I smiled, snuggling into my blankets, basking in the muted warmth of the morning sun. Just as I had begun to contemplate my luck at sleeping in, the curtains of my four-poster were rudely ripped apart.
I sat up, braced for the yelling that was sure to come; if I was lucky. Usually, it was a slipper.
Yes, the Empress of the Great Empire regularly thrashed her children, just as other mothers across the Kingdoms were simultaneously doing. That scandalous fact aside, I prepared myself for the onslaught.
None came. I opened my eyes.
My mother stood there, hands on hips, regarding me with an expression of mild disgust, coupled with affection and annoyance.
“Mama, did you lose your slipper?” I quipped
She suddenly started and pulled me out of bed. I stumbled across the room to the vanity and stared at my reflection.
“Darling, I didn’t want to ruin your visage more than sleep already has.” She replied curtly.
I understood why. My curly black hair, famed for its wildness, had grown feral overnight. My eyes, usually almond and large, were squeezed together, the sleep dust making the irises look like mud rather than the usual honey colour. My lips were bloated and- Lord was that a pimple on my chin!
I groaned again.
A sharp slap echoed through the room, and it took a couple of moments before the pain registered on my upper arm.
“Mama!” I yelped
“Don’t you Mama me,” my mother snapped, “look at yourself. You’re a princess for god’s sake, couldn’t you take more care of your appearance for once. You turn seventeen in less than a month and you act like a twelve year old! Couldn’t you-“
She suddenly stopped, taking a deep breath and twisting me to face her. Her green eyes bored into mine, her face framed by straight brown hair. “Zarai, darling, you need to grow up. You need to learn how to handle responsibility, like-”
She stopped again.
I looked down at my fingers. The connotations of the unfinished sentences hung in the air, thick and filled with meaning: Why couldn’t you be more like your sisters?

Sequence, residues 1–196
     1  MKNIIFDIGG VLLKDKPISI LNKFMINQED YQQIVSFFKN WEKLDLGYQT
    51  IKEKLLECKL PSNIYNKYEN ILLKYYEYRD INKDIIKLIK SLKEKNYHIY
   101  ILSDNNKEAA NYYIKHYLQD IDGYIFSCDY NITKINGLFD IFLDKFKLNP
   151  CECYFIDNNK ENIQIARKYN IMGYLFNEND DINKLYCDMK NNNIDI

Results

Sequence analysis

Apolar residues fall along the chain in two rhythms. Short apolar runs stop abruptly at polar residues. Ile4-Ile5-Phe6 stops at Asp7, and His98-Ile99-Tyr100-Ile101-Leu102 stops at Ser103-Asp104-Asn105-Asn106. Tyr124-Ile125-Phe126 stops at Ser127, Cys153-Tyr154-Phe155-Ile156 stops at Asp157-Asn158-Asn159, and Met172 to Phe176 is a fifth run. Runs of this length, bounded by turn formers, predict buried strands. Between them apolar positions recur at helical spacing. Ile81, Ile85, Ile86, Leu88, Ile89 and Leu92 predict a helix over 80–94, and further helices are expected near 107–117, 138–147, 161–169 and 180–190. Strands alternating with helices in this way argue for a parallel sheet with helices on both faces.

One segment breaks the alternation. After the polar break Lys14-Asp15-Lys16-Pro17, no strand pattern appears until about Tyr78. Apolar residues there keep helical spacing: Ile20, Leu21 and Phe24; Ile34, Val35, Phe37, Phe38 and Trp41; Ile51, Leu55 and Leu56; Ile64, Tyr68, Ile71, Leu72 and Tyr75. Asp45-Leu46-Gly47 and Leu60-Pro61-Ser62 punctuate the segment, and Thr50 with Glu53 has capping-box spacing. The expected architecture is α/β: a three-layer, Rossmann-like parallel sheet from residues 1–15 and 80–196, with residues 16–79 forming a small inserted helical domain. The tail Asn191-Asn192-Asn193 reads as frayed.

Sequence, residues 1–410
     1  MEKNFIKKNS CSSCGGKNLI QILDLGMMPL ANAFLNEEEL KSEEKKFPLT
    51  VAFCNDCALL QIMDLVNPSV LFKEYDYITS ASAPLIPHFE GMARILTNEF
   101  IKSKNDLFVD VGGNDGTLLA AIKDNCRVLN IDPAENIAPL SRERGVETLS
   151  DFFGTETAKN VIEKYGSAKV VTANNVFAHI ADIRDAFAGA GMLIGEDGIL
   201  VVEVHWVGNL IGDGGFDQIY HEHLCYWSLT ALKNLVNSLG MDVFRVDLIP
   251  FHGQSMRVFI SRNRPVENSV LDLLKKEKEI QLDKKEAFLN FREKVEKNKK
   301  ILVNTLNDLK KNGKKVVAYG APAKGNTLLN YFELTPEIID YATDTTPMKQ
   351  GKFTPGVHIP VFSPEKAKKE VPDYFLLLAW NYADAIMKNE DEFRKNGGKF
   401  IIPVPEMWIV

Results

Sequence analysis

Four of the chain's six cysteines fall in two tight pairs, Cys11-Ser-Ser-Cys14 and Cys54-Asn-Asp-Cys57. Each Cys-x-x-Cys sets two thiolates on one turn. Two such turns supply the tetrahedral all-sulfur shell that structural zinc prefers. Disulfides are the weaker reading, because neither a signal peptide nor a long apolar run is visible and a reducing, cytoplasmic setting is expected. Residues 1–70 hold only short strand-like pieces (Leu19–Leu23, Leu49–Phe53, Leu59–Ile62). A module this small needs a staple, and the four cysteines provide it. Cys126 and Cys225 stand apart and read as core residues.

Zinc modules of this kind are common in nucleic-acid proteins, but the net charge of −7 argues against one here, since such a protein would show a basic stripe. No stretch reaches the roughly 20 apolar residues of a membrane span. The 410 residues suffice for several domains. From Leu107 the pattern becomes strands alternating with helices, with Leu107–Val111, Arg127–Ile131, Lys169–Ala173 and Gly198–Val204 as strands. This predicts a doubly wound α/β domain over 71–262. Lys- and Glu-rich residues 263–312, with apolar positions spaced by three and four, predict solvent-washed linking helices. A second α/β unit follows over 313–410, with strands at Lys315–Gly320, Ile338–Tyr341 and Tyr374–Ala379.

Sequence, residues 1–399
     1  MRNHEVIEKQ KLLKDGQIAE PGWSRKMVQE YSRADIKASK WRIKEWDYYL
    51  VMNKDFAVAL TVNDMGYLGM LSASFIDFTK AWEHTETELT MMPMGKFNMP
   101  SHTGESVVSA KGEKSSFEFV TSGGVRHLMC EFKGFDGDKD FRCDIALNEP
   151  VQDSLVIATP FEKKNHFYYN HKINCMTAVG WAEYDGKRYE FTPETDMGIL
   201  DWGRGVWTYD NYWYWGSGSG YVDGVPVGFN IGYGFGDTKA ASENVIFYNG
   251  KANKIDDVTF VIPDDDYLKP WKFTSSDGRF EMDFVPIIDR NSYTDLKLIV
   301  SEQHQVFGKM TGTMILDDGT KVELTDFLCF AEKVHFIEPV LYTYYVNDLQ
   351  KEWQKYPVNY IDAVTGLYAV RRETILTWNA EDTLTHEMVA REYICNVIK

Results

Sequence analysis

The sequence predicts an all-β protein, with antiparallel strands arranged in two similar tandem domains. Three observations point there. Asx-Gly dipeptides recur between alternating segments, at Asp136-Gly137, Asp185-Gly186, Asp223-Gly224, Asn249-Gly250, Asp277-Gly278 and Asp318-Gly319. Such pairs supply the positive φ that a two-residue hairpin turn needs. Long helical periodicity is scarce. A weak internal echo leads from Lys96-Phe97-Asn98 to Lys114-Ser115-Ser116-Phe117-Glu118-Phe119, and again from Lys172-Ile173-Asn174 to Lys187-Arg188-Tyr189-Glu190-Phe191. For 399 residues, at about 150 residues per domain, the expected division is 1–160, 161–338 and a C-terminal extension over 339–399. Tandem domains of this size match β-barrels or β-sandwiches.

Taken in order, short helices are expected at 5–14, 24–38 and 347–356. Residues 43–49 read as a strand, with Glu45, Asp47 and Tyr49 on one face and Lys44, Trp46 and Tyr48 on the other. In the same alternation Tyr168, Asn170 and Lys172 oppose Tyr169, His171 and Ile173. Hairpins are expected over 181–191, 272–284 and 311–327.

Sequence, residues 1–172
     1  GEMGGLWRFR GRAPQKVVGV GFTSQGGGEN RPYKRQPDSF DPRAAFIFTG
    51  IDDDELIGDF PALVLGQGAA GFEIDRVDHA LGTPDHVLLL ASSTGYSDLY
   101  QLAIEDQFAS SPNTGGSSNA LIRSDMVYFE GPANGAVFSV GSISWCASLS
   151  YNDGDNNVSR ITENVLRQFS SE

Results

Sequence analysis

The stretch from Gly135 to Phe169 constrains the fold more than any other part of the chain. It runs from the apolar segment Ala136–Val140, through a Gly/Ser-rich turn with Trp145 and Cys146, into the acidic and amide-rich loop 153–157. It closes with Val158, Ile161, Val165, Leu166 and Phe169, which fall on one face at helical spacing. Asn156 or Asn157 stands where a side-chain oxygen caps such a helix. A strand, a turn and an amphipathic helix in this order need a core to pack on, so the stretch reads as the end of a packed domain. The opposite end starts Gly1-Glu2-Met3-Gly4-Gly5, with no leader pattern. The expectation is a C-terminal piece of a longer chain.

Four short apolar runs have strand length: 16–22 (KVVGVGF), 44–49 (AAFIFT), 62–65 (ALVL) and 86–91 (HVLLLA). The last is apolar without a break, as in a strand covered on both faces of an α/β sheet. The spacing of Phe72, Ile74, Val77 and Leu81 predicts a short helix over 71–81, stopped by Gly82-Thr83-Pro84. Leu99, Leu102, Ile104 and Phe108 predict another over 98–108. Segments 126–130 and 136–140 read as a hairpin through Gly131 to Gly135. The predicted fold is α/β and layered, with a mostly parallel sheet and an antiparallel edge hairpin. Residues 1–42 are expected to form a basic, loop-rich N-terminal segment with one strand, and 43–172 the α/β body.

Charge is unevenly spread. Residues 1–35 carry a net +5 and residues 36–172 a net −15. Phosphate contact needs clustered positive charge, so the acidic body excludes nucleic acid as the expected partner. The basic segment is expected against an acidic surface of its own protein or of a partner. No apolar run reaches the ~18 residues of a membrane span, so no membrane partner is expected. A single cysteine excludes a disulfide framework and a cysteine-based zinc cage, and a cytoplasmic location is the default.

I had five sisters, but I knew she was referring to the older two:
Queen Amelia the Caring, of the First Kingdom of the Mountains. At twenty, she was my eldest sister, and had been ruling for two years.
My other sister, Queen Heather the Peaceful, of the Second Kingdom of the Forests, had ascended the throne last year as she turned eighteen. And this time next year, it would be my turn.
The laws of the Great Empire my father had built dictated that each of the nine Kingdoms that made up the Empire would be left to one of his nine children, and on their eighteenth birthday they would be given a merit, a name befitting their character, and their coronation would take place.
The thought daunted me. I picked at my cuticles.
“Mama, I’m not ready,” I murmured.
My mother, Empress Anya, straightened up and gave me a steely look.
“Stop talking nonsense,” she ordered, suddenly business like. “I will send a maid to help cleanse you, and then come to the Throne Room.”
I stiffened. The Throne Room? Papa hardly ever had time for us, especially myself. Why would he want to see me? Was I in trouble?A fateful night had taught me the hard way that curiousity really does murder the cat. Our relatiinship had never been the same since.
But why now? As I mentally listed all my recent sins, my mother stroked my hair in an unexpected show of tenderness.
Then, as suddenly as it had come, it was gone. She tugged at a lock of hair with her perfectly manicured fingers and ignored my resulting shrieking. “And make sure you comb this animal growing on your head before anything else!” she called over her shoulder. The door slammed shut.
A little while late as I wrestled painfully with my own hair, a maid walked in with a pail of boiling water, which she promptly deposited in the carved marble bathtub in the next room. An army of imperial beauticians followed.
For the third time that morning, I groaned:This was going to be a long day.